Enough. I’ve had enough. There’ve been worse winters, but not in recent memory. There’ve been far greater accumulations of snow-in 1979, for instance, and 1967-but none with the relentless frequency we’ve seen this winter.

It snowed again last Friday, on Feb. 29, as if nature needed an extra day this year to adequately inflict upon us the full measure of winter’s misery. Yesterday, snow was expected yet again-for the 36th time this season.

I’ve had enough. Of snow and ice and slush. Of sidewalks flooded with frigid water. Of gray skies and slow slogs with uncertain footing across slick and treacherously uneven surfaces. Of parking spaces rendered illegal due to plowing operations. Of garage aprons that have been cleared, and cleared again, and then again, only to be covered up yet again. Many municipalities have all but run out of road salt. Mail service is being delayed in Oak Park due to the number of postal carriers injured after slipping and falling.

Whatever joy there was to experience of winter is gone, replaced by grousing and frustrated profanities. The virgin white blanket I see across our backyard as I gaze out my study window no longer holds any charm. The flocked branches of the fir tree outside the window have lost their beauty.

All has become endurance in the face of what feels like an onslaught, like Chinese water torture by snow flake. Long gone is the enjoyable sense of splendid isolation I felt as I stood in pre-dawn light after I’d cleared some 250 feet of sidewalk, watching the sky grow pinkish gray as my labored breath formed vaporous clouds. Whatever satisfaction such efforts brought in December has been replaced by the dull, chill dread of slush fatigue.

I’m weary of the tight, hunched posture and the driven gait of winter, head down in determined bursts as I try to get from one place to another without landing on my back and in the emergency room.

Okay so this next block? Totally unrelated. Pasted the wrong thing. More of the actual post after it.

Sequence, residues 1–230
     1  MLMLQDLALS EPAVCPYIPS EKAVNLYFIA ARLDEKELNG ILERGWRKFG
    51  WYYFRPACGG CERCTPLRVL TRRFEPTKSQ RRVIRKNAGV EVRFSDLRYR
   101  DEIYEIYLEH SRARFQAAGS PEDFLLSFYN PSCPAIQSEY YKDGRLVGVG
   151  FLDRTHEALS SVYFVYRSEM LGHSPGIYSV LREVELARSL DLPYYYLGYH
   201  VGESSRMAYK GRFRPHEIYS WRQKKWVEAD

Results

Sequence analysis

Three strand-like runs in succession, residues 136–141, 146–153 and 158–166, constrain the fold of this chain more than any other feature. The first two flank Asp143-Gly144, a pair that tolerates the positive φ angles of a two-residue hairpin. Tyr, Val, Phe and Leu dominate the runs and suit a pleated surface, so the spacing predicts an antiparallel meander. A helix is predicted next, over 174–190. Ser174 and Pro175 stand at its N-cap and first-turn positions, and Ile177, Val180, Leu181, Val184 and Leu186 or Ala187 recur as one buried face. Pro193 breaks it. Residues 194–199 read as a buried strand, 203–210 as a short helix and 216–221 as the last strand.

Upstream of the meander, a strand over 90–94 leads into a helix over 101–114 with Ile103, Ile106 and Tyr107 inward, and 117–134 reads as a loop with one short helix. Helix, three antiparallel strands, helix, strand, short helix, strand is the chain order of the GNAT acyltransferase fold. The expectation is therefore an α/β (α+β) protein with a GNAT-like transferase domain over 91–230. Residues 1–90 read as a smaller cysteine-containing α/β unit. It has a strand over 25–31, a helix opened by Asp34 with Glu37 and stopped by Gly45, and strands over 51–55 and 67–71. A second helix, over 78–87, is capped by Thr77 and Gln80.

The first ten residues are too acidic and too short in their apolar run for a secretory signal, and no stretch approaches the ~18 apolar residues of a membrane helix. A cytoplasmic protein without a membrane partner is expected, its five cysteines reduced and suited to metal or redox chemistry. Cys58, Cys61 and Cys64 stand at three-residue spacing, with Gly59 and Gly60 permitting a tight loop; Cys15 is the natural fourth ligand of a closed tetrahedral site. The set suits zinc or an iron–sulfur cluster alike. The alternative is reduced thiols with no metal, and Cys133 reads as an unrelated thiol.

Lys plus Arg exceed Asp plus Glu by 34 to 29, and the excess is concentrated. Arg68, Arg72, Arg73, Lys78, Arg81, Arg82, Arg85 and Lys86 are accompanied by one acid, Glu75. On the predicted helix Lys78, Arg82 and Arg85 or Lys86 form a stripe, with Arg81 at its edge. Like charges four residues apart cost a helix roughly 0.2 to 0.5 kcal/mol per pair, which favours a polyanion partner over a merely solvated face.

White Christmas? I’m dreaming of a Green Memorial Day, of a Slow and Hazy 4th of July. Of the pleasure of relaxed and easy movement. Of shorts and T-shirts, puttering in the garden, chatting over the fence while barbecuing. Drifting over to the neighbor’s deck for languid evenings amid soft breezes, where the only salt is on the lip of a Margarita glass, the only slush, the only chill, inside said glass.

I know. Spring and summer aren’t without their challenges. There’s much work to be done around our home, the rest of the garage to be sided in cedar, a fence to be finished, hours of gardening. But it’s all work that can be scheduled as we see fit, not tasks that suddenly confront us one summer morning after another, requiring us to throw on sweats and old jackets and create a path to and from the garage just so we can get to work.

Perhaps there’ll come a time when I’ll feel the same about heat and humidity and sunlight as I now feel about ice and snow and gray skies. When I grow weary of feeling hot and sticky, tire of the three-shower days and mosquitos and relentless sun, perhaps.

But if you catch me moaning about the heat in July or August, feel free to whack me with a snow shovel or a bag of rock salt. I’ll thank you for the reminder.

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